You have 2 options when writing off travel costs.

  1. You can write off the standard mileage rate ($0.59 for every mile you drive at the time of this post)
  2. You track the actual cost associated with operating the vehicle. Such cost would include gas, oil, repairs, tires, insurance, licenses, registration, lease payments and depreciation.

Most people avoid the latter because it becomes very cumbersome to track, and in the event the IRS audits you, you may be asked to provide support for the amount you deducted. I’d strongly advise you stick to the standard mileage rate. Regardless of which method you use, make sure you’re consistent from year to year. Don’t change methods. That’s often a red flag for the IRS.

Not related to actual supplies mentioned earlier, other items you may write-off include:

  • 50% of business meals
  • Depreciation (see IRS amortization tables) for any equipment you purchase that you anticipate will provide you a benefit for greater than a year
  • all advertising and promotional costs
  • Business insurance
  • Any interest on business loans (unless paying in advance)
  • Storage costs related to a business-specific detailing vehicle
  • Miscellaneous taxes paid by the business (you can deduct your state taxes on your federal return)
  • Gifts to customers (not to exceed $25 per recipient per year)
  • Any other cost specifically related to running the business.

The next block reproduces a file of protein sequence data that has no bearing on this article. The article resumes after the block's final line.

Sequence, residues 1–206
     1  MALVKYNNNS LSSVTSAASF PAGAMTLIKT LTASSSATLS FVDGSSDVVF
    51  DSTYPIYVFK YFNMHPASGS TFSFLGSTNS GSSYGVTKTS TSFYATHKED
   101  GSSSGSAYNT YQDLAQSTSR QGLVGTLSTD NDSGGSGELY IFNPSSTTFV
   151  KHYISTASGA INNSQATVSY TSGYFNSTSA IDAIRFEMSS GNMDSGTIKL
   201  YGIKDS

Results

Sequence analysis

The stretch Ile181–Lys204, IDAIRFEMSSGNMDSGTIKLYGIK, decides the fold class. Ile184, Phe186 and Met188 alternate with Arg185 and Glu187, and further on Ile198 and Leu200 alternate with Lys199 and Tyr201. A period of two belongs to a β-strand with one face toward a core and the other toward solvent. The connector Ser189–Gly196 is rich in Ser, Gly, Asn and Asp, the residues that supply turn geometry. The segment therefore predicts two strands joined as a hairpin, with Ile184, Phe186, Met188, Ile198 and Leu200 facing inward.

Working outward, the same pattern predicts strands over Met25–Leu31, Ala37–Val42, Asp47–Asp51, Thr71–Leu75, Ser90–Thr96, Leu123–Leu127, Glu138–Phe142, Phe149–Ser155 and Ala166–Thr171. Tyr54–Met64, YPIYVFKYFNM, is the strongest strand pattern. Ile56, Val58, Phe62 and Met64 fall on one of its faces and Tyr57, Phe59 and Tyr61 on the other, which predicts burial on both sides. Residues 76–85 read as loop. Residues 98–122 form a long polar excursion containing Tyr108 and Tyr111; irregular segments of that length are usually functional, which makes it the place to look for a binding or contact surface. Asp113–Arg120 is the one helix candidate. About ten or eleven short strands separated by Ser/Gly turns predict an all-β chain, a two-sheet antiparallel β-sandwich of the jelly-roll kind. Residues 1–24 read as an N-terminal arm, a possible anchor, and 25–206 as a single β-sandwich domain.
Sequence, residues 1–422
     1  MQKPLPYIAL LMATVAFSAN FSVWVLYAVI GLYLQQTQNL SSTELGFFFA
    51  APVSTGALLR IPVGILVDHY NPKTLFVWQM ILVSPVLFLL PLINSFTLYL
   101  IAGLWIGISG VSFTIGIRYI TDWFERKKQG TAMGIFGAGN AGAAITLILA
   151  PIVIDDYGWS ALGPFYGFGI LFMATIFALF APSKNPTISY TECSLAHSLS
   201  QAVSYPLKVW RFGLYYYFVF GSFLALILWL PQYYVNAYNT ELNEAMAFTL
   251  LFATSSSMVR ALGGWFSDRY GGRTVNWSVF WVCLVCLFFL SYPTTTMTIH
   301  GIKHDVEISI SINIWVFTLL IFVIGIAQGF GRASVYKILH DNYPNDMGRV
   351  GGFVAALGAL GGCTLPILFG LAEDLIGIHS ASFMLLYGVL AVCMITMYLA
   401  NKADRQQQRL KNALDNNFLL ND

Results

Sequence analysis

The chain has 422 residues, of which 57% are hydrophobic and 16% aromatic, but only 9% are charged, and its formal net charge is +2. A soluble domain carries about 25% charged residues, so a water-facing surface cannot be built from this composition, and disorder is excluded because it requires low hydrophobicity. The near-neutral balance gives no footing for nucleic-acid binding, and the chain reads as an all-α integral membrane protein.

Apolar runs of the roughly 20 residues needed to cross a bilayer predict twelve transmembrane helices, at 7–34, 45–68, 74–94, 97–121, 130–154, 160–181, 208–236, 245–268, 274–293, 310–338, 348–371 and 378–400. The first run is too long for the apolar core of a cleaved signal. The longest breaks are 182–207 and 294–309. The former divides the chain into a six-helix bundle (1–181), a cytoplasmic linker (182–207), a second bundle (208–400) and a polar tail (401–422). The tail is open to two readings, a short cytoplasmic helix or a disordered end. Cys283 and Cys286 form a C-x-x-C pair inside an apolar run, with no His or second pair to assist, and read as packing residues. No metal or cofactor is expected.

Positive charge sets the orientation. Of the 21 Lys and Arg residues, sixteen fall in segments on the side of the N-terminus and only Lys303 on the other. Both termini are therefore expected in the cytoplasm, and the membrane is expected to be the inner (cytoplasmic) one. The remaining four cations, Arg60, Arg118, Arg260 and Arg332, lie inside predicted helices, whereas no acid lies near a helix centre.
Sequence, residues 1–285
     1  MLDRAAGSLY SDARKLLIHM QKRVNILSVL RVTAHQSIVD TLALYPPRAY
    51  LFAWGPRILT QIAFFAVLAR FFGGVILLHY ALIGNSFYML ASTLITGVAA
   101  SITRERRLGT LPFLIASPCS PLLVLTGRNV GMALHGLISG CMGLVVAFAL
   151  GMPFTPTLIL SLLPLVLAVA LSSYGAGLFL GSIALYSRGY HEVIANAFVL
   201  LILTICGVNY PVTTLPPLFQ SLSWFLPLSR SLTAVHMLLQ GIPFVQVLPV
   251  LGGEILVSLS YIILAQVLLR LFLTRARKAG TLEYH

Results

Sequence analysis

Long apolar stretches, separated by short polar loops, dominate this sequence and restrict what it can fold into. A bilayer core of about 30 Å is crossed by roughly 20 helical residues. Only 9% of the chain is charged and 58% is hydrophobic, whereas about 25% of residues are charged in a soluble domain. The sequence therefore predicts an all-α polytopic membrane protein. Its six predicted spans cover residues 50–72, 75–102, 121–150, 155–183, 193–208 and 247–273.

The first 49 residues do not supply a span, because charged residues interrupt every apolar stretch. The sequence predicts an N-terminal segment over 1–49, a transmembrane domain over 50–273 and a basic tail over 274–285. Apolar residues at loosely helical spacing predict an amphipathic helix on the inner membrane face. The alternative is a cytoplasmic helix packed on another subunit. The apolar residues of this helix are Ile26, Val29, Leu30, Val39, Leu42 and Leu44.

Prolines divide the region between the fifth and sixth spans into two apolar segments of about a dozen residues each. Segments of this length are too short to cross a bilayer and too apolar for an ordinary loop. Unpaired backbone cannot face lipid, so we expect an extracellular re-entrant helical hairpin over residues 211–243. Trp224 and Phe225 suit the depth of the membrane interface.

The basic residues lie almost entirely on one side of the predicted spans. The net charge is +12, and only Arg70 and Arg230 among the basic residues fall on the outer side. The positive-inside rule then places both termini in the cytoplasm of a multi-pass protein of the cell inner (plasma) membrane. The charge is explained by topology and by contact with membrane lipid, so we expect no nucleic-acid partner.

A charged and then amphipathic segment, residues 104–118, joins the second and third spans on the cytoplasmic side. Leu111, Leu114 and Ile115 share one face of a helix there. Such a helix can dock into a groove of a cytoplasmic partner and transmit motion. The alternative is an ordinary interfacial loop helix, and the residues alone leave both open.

Net Operating Loss Rules

There are 2 final tax implications you should be aware of as a sole proprietor preparing a Schedule C. One, net operating loss rules. You’re eligible to carryback any net operating loss from your business up to 2 years or carry it forward 20 years.

Basically, if you lost money this year, but made money last year and paid taxes on it, you can amend last year’s return and carry back this year’s loss. This would result in you getting a refund for the prior year. The same concept would apply the other way as well, but you’re just carrying the loss forward. Unfortunately, you can’t have too many of these losses consecutively.

The IRS states that if you don’t make a profit in 3 of 5 years, then your business losses are not deductible at all. It considers your business as more of a ‘hobby’, hence why they call it a hobby loss. Any losses from the hobby would be subject to a stricter set of rules that would require consultation with a CPA.


In conclusion, starting a successful business (even a sole proprietorship) is never easy, but it is achievable. I would highly recommend you consult a CPA or tax professional licensed in your state with any questions before getting started (you’ll generally be able to write off their cost as a business expense anyway!)

If you are thinking about starting a business at the beginning of the year, make sure you are saving receipts and keeping good records. It will make life much easier come tax time!

Disclaimer: The information provided in this post is purely informational and should not be used without consulting a licensed tax professional in your country or state. Carwash Country makes no guarantees and is not liable for any tax-related consequences resulting from basic information given in this post.

Baxter Overman is the founder of Carwash Country and has been been cleaning up dirty vehicles for nearly 20 years. Since 2017, he's helped thousands of beginners see better results by learning the fundamentals of washing and detailing. He's on a mission to make the car wash process more fun...and way easier.